The Murthy v. Missouri suit argues that Section 230 “directly contributed to the rise of a small number of extremely powerful social-media platforms, who have now turned into a ‘censorship cartel.’” In this part of the suit, the case transforms itself into an argument for the overturning of Section 230, which multiple states are considering.

The lawsuit cites numerous examples of censorship that occurred before the Biden administration took office, and claims it was indeed threats from the Biden campaign which coerced social media companies to overly censor. It will be difficult to prove abridgment of free speech on these points, as only a government – not a campaign – is legally bound by the First Amendment.

The plaintiffs cite, “perhaps most notoriously,” the example of the Hunter Biden laptop story. The New York Post ran a story on Oct. 14, 2020, about the computer of then-presidential nominee Joe Biden’s son and the proof it held of corrupt business dealings, but the Post’s Twitter account was blocked until after the election. In fact, no one could share the story (even via Twitter direct message) because, as the Wall Street Journal Editorial Board put it, “nearly all of the media at the time ignored the story or ‘fact-checked’ as false.” The plaintiffs argue the story was censored because social media companies were “parroting the Biden campaign’s false line,” and so treated the story as “disinformation.”

Similar arguments are made about censorship of speech that raised concerns about the security of voting by mail – that the Biden campaign coerced social media companies into censoring such speech because it did not align with their personal interests. Such posts about election fraud spiraled into a narrative that the election was stolen and contributed to the violent Jan. 6 riot at the U.S. Capitol.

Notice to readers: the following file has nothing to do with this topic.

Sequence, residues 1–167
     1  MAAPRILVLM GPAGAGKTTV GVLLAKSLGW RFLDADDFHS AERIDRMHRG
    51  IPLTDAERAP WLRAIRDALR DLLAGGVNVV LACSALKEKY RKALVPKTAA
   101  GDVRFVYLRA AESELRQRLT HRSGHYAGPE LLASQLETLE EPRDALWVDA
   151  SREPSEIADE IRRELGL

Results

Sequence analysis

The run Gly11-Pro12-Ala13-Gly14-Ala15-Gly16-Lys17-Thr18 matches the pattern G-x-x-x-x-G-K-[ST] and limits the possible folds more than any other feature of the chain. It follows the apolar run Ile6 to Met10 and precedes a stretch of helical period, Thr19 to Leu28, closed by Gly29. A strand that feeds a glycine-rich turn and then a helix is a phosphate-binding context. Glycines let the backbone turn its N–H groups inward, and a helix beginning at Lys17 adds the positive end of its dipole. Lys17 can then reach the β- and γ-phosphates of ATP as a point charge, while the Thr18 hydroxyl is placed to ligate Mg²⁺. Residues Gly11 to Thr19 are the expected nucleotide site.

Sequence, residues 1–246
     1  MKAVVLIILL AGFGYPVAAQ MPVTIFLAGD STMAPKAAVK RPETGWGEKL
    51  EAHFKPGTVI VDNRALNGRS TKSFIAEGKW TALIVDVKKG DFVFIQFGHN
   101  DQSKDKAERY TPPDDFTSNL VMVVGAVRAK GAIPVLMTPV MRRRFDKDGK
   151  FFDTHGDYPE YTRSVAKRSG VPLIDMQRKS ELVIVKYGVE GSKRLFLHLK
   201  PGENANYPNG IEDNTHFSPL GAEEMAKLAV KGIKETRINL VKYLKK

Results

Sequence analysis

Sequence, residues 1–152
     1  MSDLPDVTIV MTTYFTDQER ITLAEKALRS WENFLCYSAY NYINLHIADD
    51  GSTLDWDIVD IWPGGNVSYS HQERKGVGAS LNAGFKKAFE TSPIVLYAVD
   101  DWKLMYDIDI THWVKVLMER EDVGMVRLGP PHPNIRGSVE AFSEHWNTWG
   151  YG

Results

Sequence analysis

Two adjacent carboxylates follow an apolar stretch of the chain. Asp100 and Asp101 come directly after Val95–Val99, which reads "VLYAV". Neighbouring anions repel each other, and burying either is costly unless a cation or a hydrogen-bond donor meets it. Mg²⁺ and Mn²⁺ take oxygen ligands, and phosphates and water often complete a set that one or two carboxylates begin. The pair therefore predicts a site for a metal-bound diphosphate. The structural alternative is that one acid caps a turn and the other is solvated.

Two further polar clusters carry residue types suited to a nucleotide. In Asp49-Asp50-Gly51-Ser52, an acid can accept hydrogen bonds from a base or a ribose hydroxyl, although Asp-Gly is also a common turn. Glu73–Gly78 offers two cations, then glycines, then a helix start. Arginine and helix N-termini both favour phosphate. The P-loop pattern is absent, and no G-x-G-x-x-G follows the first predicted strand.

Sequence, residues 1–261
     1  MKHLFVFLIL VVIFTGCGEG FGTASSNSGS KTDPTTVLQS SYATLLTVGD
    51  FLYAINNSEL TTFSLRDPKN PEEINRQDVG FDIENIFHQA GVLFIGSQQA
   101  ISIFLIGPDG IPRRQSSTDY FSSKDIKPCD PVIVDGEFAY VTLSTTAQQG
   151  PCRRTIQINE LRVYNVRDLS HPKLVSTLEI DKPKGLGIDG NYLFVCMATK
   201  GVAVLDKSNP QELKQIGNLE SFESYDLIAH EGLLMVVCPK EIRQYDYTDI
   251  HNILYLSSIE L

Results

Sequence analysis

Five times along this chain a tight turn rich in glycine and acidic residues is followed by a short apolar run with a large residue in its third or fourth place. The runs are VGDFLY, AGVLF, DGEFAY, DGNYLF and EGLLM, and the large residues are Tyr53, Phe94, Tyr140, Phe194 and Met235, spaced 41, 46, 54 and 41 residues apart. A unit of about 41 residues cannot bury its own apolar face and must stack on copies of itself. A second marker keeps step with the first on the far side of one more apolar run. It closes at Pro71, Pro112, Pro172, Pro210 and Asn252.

In 1783, George Washington warned that if ‘the Freedom of Speech may be taken away,’ then ‘dumb and silent we may be led, like sheep, to the Slaughter.’ Citing this quote, the plaintiffs in Murthy v. Missouri began their quest to unveil the censorship leviathan.

Whether the courts find their evidence compelling enough to reapply the injunction on much of the federal government is the question of the case. The plaintiffs argue that the government has no role at all, insisting that labeling “disfavored speech ‘misinformation’ or ‘disinformation’ does not strip it of First Amendment protection. Some false statements are inevitable if there is to be an open and vigorous expression of views.”

Kheriaty echoed the sentiment. “The constitution is very clear that the government’s role is not to distinguish between true and false information or true and false speech,” he said. “The government’s only role is to distinguish between legal and illegal speech.”

Danger is invited in when people are not exposed to a multitude of viewpoints, they say. Perhaps we are all victims of the certain censorship that comes from our personalized social media feeds, in which we are fed only information we want to hear. Each side thinks the other is brainwashed. This has led to real-world harm, and surely will again in the future. Whose job is it to save us from ourselves?

Tyler Durden Fri, 03/22/2024 - 04:15

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SNB Ends the Rate-Cut Drought

This makes it the first developed nation to cut interest rates after the COVID-19 pandemic, the fall of Credit Suisse, the onset of the war in Ukraine,…



This makes it the first developed nation to cut interest rates after the COVID-19 pandemic, the fall of Credit Suisse, the onset of the war in Ukraine, and persistent inflation pressures.